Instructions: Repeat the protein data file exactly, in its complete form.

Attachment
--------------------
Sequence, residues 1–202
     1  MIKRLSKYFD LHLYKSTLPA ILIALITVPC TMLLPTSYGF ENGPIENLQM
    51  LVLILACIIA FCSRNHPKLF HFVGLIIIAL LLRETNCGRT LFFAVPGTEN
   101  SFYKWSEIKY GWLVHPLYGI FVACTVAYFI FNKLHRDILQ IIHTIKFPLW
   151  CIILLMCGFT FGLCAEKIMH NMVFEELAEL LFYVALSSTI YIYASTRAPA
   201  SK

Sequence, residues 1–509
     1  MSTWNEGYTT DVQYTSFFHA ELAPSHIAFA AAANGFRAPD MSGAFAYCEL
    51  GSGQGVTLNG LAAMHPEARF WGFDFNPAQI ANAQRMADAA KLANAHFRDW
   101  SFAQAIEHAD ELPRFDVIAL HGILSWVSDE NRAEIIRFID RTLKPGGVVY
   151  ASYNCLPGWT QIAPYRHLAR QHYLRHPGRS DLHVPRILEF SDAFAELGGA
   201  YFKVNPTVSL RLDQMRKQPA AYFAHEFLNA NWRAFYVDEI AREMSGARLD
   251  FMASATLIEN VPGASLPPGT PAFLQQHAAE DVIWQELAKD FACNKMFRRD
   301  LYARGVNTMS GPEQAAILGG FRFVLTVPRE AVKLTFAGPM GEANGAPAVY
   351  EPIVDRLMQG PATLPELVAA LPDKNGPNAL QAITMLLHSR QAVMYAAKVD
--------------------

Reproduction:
Sequence, residues 1–202
     1  MIKRLSKYFD LHLYKSTLPA ILIALITVPC TMLLPTSYGF ENGPIENLQM
    51  LVLILACIIA FCSRNHPKLF HFVGLIIIAL LLRETNCGRT LFFAVPGTEN
   101  SFYKWSEIKY GWLVHPLYGI FVACTVAYFI FNKLHRDILQ IIHTIKFPLW
   151  CIILLMCGFT FGLCAEKIMH NMVFEELAEL LFYVALSSTI YIYASTRAPA
   201  SK

Sequence, residues 1–509
     1  MSTWNEGYTT DVQYTSFFHA ELAPSHIAFA AAANGFRAPD MSGAFAYCEL
    51  GSGQGVTLNG LAAMHPEARF WGFDFNPAQI ANAQRMADAA KLANAHFRDW
   101  SFAQAIEHAD ELPRFDVIAL HGILSWVSDE NRAEIIRFID RTLKPGGVVY
   151  ASYNCLPGWT QIAPYRHLAR QHYLRHPGRS DLHVPRILEF SDAFAELGGA
   201  YFKVNPTVSL RLDQMRKQPA AYFAHEFLNA NWRAFYVDEI AREMSGARLD
   251  FMASATLIEN VPGASLPPGT PAFLQQHAAE DVIWQELAKD FACNKMFRRD
   301  LYARGVNTMS GPEQAAILGG FRFVLTVPRE AVKLTFAGPM GEANGAPAVY
   351  EPIVDRLMQG PATLPELVAA LPDKNGPNAL QAITMLLHSR QAVMYAAKVD